This would be a written contract since eBay has a written contract with sellers that they agree to when they sign on and it is a 4 year statute of limitations.

The buyer's suspension for violations would be evidence of breach of the buyer's contract with eBay's terms and as such a very strong defense to any actions against the seller by the buyer.
Law Educator, Esq. and 7 other Business Law Specialists are ready to help you
Customer: replied 7 years ago.
Excellent! Thank you again for your valuable insights.
Thank you.
Law Educator, Esq. and 7 other Business Law Specialists are ready to help you
Customer: replied 7 years ago.
I have another question about this eBay issue. As mentioned, the buyer was suspended from eBay, relieving the seller from any obligation to the complete the transaction. However, eBay reinstated the seller two days later. The seller called eBay and was told by a young rep (verbally) that the deal was "back on" and seller is obligated to complete the original transaction. This seems arbitrary. During the two day window that the deal was "off" per eBay rules, what if the seller had sold the item to another party? Assuming seller is bound by the eBay user agreement, and eBay can, at will, "suspend" and "unsuspend" the buyer during the transaction phase, where does that leave the seller, legally? It's a can of worms! Please advise.
If the deal was off and the seller in good faith sold the item during that time, then the seller would have the defense that they did not breach the contract but it was canceled by the terms of the eBay agreement and they were reasonable in relying on that cancellation. The recourse of the seller would then be against eBay for changing the terms of the contract and you are right, it is a big can of worms that eBay keeps putting themselves into when doing this, since you cannot cancel and then reinstitute a contract and you would be reasonable as a seller relying on their cancellation of the contract such that eBay would be the one ultimately liable to the buyer if the buyer sues.
Customer: replied 7 years ago.
That makes perfect sense. But what if the seller had not sold the item during that brief suspension window, and instead sold it to another party after the buyer had been reinstated on eBay? If the seller is still in possession of the item and chooses to sell it before the four year SOL runs out, what is their exposure?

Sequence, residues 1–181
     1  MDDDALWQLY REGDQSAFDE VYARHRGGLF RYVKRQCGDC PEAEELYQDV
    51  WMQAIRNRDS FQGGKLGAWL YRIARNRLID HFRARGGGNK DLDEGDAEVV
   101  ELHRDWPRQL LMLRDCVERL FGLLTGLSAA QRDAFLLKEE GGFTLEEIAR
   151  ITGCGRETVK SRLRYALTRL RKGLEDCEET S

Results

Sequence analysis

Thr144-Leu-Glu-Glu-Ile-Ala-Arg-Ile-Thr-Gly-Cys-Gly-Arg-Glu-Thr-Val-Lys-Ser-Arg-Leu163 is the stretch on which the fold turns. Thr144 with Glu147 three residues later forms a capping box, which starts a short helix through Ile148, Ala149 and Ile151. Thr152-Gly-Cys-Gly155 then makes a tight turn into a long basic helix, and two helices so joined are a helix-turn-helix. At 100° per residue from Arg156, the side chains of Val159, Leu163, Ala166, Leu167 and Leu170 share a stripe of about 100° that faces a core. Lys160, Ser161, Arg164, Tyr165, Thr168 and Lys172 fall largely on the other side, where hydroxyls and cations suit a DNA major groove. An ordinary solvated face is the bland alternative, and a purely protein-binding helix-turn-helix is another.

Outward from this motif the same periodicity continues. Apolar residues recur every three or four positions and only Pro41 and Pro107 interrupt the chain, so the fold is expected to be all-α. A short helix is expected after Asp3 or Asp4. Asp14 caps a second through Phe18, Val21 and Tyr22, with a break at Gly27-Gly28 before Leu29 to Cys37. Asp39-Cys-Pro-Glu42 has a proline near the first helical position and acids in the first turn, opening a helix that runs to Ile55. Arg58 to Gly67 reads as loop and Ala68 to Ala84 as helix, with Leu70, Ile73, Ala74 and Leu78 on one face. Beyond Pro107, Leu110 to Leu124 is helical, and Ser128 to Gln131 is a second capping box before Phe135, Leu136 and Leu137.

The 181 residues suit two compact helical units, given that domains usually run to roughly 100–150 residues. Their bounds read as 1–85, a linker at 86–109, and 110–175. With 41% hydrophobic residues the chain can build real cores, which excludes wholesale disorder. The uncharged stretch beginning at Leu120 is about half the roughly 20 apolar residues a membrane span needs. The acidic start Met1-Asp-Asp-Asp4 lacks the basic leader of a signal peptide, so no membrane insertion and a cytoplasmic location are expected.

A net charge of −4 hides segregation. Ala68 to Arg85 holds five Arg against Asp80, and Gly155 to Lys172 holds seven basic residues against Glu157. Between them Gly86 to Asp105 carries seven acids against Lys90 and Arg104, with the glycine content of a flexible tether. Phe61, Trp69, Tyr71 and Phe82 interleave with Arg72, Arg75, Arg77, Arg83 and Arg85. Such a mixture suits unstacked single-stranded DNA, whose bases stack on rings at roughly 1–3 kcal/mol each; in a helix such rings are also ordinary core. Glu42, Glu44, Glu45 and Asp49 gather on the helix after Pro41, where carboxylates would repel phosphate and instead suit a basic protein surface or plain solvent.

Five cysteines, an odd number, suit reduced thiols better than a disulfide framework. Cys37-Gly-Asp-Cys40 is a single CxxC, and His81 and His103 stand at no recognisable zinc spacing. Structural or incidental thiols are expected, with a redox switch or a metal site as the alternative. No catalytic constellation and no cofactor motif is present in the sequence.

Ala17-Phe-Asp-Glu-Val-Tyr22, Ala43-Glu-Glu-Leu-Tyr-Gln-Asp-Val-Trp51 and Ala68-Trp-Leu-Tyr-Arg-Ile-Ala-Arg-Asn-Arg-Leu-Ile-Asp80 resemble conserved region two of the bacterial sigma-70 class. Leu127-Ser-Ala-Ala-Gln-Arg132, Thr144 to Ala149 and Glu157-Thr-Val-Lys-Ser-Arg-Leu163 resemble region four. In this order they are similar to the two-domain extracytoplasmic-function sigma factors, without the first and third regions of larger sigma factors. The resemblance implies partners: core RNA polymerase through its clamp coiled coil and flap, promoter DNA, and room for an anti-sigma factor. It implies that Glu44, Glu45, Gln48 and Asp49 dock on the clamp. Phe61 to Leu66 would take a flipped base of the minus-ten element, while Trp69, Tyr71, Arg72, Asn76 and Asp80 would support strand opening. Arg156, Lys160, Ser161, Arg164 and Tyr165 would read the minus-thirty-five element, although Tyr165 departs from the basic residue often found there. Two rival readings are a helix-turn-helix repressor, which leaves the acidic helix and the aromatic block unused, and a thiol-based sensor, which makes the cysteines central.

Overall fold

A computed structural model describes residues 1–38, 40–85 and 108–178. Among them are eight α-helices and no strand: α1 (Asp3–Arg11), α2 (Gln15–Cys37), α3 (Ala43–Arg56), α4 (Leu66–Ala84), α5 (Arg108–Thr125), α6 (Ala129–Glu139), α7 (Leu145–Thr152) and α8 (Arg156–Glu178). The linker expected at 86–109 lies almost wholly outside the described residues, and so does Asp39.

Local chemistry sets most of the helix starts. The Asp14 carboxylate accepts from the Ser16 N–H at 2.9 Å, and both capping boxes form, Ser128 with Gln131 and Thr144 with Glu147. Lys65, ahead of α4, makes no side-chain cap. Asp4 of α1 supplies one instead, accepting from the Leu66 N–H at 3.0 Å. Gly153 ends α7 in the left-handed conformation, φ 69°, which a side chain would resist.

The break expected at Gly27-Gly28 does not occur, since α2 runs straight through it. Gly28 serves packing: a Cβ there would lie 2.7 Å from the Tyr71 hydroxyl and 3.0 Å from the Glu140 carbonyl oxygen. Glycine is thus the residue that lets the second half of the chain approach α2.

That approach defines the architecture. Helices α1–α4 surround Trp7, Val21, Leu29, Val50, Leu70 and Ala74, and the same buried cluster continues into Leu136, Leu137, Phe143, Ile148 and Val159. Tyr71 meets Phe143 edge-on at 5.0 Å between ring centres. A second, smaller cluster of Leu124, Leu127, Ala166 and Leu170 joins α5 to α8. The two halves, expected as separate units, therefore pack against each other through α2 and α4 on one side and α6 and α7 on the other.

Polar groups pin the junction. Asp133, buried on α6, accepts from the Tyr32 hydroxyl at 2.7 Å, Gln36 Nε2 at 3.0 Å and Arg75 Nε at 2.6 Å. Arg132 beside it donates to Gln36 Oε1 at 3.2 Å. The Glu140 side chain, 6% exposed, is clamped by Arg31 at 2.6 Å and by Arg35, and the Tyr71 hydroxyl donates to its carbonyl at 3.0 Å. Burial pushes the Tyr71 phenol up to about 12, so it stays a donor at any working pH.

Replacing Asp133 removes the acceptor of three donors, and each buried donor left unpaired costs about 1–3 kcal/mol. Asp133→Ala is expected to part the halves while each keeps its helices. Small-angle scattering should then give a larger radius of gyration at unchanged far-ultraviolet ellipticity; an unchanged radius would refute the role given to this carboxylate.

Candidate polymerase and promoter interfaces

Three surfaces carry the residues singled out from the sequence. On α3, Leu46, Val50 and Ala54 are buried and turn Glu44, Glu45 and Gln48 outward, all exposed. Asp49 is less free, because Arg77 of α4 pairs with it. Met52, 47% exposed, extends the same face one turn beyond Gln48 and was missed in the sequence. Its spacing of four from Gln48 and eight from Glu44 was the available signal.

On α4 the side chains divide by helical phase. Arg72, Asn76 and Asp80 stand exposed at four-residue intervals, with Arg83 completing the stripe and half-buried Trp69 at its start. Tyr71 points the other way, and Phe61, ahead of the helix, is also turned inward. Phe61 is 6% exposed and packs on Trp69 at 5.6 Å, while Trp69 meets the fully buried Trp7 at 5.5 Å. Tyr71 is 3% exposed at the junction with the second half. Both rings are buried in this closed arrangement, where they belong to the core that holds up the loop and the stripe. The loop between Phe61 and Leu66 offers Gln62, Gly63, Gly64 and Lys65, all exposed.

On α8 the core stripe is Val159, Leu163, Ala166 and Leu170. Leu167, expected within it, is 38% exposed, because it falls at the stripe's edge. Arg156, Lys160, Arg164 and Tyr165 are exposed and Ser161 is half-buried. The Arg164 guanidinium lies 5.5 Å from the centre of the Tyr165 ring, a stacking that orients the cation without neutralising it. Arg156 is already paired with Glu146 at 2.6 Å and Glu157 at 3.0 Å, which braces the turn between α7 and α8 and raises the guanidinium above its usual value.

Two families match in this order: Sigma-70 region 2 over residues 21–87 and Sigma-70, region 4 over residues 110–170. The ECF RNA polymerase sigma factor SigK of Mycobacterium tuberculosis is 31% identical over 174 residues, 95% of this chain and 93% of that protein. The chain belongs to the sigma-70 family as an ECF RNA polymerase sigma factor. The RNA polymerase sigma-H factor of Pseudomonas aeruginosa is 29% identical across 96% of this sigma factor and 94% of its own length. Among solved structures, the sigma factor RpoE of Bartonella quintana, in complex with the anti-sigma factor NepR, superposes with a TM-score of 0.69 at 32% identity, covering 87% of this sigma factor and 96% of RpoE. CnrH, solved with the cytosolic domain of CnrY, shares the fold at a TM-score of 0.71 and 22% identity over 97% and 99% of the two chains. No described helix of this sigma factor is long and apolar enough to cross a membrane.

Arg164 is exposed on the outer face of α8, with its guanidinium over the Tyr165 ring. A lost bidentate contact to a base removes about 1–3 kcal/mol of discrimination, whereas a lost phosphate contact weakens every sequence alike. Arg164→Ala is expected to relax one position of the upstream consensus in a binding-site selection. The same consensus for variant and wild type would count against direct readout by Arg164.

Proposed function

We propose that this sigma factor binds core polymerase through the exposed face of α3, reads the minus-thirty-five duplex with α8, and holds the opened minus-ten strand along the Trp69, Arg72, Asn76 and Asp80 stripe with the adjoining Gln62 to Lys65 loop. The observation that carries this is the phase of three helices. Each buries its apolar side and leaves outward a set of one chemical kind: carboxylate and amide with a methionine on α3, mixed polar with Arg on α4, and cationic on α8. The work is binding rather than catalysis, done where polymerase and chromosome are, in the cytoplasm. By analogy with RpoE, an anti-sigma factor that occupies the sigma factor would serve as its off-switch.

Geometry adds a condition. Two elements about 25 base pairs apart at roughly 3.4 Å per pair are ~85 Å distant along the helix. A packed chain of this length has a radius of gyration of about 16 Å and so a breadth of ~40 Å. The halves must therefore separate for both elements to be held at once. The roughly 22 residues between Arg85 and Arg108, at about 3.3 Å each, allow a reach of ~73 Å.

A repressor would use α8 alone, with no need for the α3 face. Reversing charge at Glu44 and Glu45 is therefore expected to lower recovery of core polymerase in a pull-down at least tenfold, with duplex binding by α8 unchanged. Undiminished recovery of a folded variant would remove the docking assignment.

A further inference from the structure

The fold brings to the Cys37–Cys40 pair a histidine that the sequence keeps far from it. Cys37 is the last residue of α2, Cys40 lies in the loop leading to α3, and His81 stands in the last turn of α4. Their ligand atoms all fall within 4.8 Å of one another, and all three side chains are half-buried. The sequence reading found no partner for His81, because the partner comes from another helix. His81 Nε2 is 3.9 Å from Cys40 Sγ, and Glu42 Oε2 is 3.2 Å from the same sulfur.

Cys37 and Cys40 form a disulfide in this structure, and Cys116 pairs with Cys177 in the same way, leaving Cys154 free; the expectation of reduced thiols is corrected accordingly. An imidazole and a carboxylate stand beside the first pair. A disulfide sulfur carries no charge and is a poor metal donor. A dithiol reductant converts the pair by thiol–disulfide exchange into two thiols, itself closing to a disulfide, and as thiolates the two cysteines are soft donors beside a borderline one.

If you still have it and everyone was reinstated and the buyer is willing to pay the agreed upon price, then you would be expected to sell it to the buyer upon them paying the price. If the seller chooses not to honor the agreement, then they could be sued for damages in the loss of the sale by the buyer, whatever those damages would be that they could prove.
Customer: replied 7 years ago.
I see. Since seller is bound by eBay's rules, the "second leg" defense, based on the buyer's suspension, would not hold up if they were reinstated. However, is the fraud defense still viable if it is provable that the buyer violated terms of the user agreement that both parties signed? Or can eBay ignore that provision as well?
The fraud defense could be viable by the seller. But again, if the buyer is willing to pay the agreed upon price, the fraud issue would be minor as long as they are paying what was agreed upon and the court may hold that the buyer would be still entitled to purchase regardless of the fraud unless you prove that the buyer used fraudulent bids to preserve his right to buy at a lower price, then the seller would prevail.
Customer: replied 7 years ago.
One last question. Assuming the seller is now potentially liable for breach, and still does not want to make a deal with the buyer, then the seller's last avenue would be to wait out the four year statute of limitations and hope that the buyer does not bring suit within that time frame. When the SOL expires, seller would then be free and clear to sell the item to another party. Would you concur? And are there any "tolling" provisions or other statutes that could conceivably lengthen the SOL beyond the four year term?
You are correct in your assessment. Yes.
Law Educator, Esq. and 7 other Business Law Specialists are ready to help you
Customer: replied 7 years ago.
Thank you. I've really enjoyed our discussion and look forward to consulting with you again.
Thank you have a great day.